Need some inspiration on what to do with your Asus Chromebit once setup? Here are a few use cases:
1. Work from anywhere
The Chromebit is a great way to set up shop from wherever you are. If you work online, through cloud-based systems, you can effectively log onto any screen and use it as a PC. Just remember, the Chromebit does have limited capabilities so if you’re a ten-tab kind of person, you may find things slow.
2. Listen to music
There are a few different ways to listen to music via the Chromebit. You can download apps such as Spotify from the Chrome Web Store. Chromebit also gives you access to any webpage, so you can type in youtube.com and have your favorite playlists playing in seconds.
3. Setup Chromebit signage
As aforementioned, we do not recommend purchasing this device for digital signage. However if you already have one, no problem! You could use ScreenCloud’s Web Player to display digital signage from your Chromebit-powered screen. Check out our full guide to using the Chromebit for digital signage.
4. View photos
The Chromebit gives you access to Google photos, so providing this is where you have your images saved, you can easily pull them up onto the big screen.
5. Stream videos
The Chromebit allows you to stream videos and download movies from Google Play Movies & TV.
Google Chromebit FAQs
Does the Google Chromebit have to be plugged in to work?
Yes: the Google Chromebit needs to be plugged into a screen or device to work, and requires the power adapter to work at full potential.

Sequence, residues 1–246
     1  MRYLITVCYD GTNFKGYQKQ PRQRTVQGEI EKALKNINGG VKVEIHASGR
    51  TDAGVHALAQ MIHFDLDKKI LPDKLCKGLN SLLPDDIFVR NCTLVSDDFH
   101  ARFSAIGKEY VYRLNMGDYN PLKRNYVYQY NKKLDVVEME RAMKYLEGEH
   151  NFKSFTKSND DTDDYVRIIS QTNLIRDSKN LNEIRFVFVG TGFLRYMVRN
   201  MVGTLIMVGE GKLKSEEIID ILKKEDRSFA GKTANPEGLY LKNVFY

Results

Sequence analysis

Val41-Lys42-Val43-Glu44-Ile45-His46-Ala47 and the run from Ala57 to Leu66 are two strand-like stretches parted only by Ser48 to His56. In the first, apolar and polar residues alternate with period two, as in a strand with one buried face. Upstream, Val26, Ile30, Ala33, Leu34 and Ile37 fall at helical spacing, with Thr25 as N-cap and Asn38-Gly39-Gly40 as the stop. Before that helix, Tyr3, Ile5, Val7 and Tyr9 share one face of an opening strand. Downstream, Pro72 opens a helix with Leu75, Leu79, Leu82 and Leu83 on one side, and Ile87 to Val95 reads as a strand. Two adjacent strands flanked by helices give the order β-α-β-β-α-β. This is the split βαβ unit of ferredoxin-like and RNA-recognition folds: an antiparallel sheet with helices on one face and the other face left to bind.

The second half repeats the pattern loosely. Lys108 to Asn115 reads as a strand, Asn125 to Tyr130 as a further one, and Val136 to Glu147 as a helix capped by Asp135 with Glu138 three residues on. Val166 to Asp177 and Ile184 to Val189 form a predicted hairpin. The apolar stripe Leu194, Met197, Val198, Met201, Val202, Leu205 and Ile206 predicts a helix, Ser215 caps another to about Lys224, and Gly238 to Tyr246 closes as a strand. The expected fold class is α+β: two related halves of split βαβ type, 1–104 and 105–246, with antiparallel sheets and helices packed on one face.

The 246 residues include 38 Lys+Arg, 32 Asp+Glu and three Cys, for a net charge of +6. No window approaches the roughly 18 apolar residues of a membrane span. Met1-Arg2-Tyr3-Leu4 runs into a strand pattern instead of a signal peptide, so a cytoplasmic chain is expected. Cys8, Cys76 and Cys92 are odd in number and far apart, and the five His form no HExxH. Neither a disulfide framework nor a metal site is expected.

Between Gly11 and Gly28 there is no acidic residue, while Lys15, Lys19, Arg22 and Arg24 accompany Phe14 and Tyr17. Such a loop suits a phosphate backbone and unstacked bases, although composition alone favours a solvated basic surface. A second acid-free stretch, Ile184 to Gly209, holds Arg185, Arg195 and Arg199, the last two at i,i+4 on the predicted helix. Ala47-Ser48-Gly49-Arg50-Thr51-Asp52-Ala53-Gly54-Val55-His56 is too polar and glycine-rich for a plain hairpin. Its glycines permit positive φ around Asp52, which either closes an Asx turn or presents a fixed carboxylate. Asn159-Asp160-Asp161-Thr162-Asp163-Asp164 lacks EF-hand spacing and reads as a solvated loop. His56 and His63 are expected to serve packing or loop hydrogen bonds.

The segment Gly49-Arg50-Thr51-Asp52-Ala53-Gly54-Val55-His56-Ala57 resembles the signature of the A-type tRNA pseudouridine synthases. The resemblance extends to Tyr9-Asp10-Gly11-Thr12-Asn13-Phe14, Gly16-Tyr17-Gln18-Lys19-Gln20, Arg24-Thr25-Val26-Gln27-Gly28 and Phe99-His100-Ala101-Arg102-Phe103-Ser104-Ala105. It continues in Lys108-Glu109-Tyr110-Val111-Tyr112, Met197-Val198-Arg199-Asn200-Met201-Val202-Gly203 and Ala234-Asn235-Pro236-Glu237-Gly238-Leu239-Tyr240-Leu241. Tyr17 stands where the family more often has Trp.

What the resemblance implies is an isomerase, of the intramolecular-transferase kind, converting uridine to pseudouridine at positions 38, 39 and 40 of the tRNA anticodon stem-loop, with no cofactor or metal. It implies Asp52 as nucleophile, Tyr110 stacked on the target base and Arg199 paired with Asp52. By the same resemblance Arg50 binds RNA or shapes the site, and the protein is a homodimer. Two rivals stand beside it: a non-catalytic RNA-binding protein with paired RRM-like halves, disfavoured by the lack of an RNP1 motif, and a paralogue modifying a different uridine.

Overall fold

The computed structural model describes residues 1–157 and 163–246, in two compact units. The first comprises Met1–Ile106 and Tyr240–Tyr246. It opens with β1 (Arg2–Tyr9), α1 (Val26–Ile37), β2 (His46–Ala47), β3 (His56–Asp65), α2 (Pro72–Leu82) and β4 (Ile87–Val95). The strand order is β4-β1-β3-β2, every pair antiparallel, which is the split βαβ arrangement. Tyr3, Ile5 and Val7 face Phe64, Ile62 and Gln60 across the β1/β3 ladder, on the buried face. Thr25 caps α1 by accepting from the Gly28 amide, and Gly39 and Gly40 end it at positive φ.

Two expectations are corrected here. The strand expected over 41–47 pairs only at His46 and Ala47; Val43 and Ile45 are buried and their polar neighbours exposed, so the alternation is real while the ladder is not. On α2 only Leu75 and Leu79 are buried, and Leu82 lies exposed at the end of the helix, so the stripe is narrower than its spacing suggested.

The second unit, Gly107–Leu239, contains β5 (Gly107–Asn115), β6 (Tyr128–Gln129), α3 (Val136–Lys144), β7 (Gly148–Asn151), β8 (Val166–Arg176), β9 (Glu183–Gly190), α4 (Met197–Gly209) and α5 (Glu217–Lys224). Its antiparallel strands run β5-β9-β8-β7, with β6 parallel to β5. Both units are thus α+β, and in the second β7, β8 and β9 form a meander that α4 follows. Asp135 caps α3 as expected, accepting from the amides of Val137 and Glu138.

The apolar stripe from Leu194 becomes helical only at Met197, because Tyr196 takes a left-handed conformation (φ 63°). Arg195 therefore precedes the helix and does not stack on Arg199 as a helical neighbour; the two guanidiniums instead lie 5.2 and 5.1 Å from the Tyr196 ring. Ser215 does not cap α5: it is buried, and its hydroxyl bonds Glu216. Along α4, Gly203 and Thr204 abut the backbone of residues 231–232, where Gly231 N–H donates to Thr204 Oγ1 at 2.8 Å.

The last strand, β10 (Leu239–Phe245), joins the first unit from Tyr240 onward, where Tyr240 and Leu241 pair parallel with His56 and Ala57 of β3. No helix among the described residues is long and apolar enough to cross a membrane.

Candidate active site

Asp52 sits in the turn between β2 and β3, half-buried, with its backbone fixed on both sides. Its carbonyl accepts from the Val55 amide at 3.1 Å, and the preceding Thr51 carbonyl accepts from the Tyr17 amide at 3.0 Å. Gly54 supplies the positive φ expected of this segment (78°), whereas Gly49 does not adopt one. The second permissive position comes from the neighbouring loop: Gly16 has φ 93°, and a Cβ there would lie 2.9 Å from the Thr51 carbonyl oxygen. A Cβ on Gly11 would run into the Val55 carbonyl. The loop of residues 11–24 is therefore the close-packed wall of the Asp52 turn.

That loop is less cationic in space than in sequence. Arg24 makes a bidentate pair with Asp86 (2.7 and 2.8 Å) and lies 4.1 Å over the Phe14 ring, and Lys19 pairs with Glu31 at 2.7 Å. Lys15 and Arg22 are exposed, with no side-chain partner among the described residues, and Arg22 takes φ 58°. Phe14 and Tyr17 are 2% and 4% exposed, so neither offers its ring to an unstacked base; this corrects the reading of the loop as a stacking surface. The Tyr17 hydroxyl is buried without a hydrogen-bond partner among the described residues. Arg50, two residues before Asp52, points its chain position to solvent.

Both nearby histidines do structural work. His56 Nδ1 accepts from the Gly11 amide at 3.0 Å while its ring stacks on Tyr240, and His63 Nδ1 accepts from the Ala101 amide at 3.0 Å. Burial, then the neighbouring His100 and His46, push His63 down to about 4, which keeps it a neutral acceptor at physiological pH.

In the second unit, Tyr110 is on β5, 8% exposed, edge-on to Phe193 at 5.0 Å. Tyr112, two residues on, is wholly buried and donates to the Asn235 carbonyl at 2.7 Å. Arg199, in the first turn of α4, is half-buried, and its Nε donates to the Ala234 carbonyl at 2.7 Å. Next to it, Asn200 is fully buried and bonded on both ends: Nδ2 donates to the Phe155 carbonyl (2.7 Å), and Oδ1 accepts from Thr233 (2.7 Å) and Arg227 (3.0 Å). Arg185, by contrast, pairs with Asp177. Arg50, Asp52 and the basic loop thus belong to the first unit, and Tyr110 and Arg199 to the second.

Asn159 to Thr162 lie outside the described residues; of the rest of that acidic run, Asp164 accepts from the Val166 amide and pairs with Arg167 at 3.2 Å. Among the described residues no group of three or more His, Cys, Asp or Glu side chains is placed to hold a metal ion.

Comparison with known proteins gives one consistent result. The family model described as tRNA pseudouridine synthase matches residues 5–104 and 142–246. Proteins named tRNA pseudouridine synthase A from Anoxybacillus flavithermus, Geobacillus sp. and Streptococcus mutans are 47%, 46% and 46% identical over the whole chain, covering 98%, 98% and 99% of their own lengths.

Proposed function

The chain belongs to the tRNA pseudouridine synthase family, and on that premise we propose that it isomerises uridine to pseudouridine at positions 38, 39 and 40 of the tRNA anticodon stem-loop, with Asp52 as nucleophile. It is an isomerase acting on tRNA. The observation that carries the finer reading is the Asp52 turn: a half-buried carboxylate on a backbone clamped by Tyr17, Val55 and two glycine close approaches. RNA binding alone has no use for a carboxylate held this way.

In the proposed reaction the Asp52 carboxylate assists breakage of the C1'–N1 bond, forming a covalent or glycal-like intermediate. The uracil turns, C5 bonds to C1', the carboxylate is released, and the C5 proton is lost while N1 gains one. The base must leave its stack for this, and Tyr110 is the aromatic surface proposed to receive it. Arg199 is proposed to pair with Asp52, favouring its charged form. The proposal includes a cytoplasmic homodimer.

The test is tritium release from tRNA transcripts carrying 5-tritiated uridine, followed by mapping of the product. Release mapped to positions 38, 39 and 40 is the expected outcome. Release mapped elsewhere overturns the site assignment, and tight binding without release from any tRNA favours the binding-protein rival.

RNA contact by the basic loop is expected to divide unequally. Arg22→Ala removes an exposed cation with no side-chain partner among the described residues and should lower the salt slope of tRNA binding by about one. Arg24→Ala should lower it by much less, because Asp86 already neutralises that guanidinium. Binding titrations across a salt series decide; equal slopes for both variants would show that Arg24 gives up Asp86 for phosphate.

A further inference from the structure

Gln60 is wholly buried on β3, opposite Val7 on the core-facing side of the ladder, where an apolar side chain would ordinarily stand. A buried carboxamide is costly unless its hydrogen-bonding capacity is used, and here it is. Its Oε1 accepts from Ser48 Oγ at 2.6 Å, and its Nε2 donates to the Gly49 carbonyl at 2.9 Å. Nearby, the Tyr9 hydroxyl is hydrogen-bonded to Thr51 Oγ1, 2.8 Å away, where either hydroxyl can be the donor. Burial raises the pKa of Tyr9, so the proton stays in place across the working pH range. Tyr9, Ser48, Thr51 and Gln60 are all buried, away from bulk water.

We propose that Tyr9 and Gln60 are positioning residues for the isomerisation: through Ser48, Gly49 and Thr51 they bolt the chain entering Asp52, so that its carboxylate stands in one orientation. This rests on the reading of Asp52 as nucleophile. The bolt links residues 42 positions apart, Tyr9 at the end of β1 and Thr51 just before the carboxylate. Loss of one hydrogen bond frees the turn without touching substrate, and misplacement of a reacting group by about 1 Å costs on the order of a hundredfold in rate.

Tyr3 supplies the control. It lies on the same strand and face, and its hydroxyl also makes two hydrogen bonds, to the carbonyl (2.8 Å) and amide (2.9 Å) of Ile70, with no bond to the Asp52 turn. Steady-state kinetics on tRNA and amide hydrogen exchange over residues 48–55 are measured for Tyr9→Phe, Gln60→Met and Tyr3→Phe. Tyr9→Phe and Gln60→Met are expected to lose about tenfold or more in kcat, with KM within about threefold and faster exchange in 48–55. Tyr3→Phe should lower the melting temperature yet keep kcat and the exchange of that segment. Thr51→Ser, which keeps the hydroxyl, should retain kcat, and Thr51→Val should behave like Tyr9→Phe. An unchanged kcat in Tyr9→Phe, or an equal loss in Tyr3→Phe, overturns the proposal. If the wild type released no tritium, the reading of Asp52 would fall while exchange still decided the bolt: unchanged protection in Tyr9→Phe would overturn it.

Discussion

Does the Chromebit have Bluetooth?
Yes: the Chromebit is Bluetooth enabled. Read the Asus guide to learn how to use Bluetooth to pair a wireless mouse and/or keyboard to your screen to use alongside the Chromebit.
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Turn your TV into Digital Signage
Want to do more with your existing TVs and leftover monitors? Whether you use an existing Chromebit, or buy a newer Amazon Firestick, Google Chromebox, or a ScreenCloud OS device, you can turn those screens into tools that will keep your team up-to-date on everything that’s happening in your company.
ScreenCloud includes dozens of built-in apps and digital signages integrations to put your team’s events, HR updates, reviews, and more on the big screen. ScreenCloud Dashboards and Playgrounds let you put any number on any screen to share sales figures, marketing stats, project status, and more throughout your company. And with a bit of tweaking, you can customize ScreenCloud to build smart signage powered by AI, and even use Siri or Google Assistant with digital signage to update your team in real-time.
It’s the best way to build a modern, automated office. Try out a free 14-day ScreenCloud trial and start building your first digital signage today.